Residents of California who have shopped at Big 5 might be interested to know that the sporting goods company has had a lawsuit filed against it by the Equal Employment Opportunity Commission. The lawsuit claims that an African-American employee suffered discrimination at the hands of the manager and other coworkers while he was training to become a manager himself at the establishment.
Because California is an "at will" employment state, your employer can fire you for any reason except those that are against the law, such as mental or physical disability, pregnancy, race or religion. Clearly, you do have some protections. You cannot be terminated, for example, because of your gender or age. Also, it is unlawful for your employer to fire you because of your political affiliation.
Employers in California and throughout the country are barred from discriminating against employees on religious grounds. This protection is afforded to workers by Title VII of the Civil Rights Act of 1964. Employers are generally required to accommodate an employee's religious practices or beliefs unless doing so would create an undue hardship. Examples of accommodations include a flexible work schedule or allowing a worker to transfer elsewhere within the company.
California baseball fans know that umpires often endure angry protests over their calls, but now a Major League Baseball umpire has filed suit against the league for racial discrimination. According to his court filings, the 55-year-old Hispanic man asserts that the league has declined to give him a position umping for the World Series since 2005. Additionally, the league has not offered him a permanent position as a crew chief, instead choosing to designate him as a temporary chief.
Whether an executive should be treated as an employee or an employer in a discrimination case is a hotly debated question. If a California executive is not deemed to be an employee, that person is not covered under anti-discrimination provisions of Title VII of the 1964 Civil Rights Act. In fact, that executive may not be covered under most anti-discrimination legislation.
Headquartered in California, Panda Express has over 1,900 locations and 30,000 employees. The fast food company was involved in an employee discrimination lawsuit involving workers' immigration status. Legal permanent United States residents were obligated to show proof of their status when their documents expired. They also had to resubmit the documents a second time despite having already done so. The case was considered discriminatory because workers who were United States citizens were not required to show proof of their status at the time.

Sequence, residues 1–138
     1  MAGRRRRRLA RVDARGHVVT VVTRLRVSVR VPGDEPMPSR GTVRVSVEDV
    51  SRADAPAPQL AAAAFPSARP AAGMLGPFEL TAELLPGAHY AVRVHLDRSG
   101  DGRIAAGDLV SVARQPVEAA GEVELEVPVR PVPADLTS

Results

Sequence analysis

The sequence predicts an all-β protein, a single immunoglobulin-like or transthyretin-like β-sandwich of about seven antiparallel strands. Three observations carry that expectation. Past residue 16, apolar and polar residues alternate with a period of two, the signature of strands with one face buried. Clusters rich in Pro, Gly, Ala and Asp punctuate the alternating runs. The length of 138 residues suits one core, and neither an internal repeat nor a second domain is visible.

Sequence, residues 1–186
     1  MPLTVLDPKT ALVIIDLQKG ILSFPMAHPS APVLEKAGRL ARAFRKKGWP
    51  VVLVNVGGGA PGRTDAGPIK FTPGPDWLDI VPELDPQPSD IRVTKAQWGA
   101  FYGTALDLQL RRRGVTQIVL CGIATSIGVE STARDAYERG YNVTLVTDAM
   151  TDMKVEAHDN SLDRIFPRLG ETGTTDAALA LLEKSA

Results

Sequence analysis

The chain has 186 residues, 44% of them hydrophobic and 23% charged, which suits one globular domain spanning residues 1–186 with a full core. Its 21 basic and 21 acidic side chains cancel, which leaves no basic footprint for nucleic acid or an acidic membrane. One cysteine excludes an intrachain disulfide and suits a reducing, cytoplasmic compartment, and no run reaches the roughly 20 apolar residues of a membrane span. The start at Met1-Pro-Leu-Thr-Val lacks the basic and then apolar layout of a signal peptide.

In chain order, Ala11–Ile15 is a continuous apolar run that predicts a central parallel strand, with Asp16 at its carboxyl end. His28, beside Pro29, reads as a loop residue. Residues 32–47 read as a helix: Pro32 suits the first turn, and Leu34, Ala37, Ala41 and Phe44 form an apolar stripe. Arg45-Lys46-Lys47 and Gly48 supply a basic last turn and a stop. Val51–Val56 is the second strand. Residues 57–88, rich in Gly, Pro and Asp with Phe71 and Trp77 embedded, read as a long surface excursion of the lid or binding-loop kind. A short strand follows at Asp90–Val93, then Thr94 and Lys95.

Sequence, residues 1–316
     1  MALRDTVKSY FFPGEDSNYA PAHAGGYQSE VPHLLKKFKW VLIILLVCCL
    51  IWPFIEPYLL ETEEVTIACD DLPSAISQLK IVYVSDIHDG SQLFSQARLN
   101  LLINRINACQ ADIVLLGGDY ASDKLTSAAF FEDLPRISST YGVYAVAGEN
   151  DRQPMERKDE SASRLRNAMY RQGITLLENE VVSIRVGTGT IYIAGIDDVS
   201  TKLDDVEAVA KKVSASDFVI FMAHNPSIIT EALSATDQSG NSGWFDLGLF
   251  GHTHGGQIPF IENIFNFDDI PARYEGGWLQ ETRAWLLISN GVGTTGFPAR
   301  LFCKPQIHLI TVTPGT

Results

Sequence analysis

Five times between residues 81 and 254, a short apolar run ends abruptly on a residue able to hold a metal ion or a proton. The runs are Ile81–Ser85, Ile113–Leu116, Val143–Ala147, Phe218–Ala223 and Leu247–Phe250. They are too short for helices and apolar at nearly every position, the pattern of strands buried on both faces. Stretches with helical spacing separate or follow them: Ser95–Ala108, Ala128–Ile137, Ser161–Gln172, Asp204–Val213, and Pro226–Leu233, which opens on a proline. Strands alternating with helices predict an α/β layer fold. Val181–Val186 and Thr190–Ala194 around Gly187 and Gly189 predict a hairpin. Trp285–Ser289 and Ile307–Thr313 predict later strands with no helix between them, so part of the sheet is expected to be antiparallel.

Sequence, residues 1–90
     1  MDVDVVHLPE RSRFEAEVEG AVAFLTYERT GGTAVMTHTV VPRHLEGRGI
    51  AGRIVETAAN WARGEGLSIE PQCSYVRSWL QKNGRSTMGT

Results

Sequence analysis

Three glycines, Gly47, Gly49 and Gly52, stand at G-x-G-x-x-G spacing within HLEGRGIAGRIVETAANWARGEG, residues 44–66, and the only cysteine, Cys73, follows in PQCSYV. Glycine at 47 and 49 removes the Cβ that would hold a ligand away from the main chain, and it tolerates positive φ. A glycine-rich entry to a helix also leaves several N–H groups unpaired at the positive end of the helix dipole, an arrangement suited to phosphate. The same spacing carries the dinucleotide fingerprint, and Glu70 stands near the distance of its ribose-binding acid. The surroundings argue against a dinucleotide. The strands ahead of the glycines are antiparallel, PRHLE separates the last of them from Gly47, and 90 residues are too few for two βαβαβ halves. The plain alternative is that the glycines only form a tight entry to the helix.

For three seasons out of the year, the sky is blue. But, with Independence Day upon us, summer can have us seeing red and white on the horizon too. When we think back to the founding of our country, we remember the people who fought and died for our freedom. They were Minutemen - citizens ready at a moment's notice to serve our country's highest ideals.
Baby boomers in California may face some additional hurdles when job hunting because some employers are biased against older employees. However, there are also some common errors job seekers may make. For example, using an older email service as an email address may make it look as though the job seeker is lagging behind from a technological standpoint. Failing to have an online profile can give a similar impression. Job seekers should set up a LinkedIn account so employers can look them up.
When an employee in California or elsewhere pursues an employment discrimination case, it may fall under Section 1981 or under Title VII. While both laws are similar, Congress and the Supreme Court have considered them to be distinct from each other. The major difference between the two statutes is that Section 1981 prohibits blatant discrimination while Title VII prohibits discrimination even if there was no intent to discriminate.
California workers who file discrimination lawsuits against their employers may need to identify a similarly situated employee who was treated differently. The idea of the similarly situated employee may differ if the case is a class action one, but for an individual complaint, a similarly situated employee is someone who is comparable in several ways. Factors such as experience level, supervisor, performance evaluations and job duties may make another worker a similarly situated employee.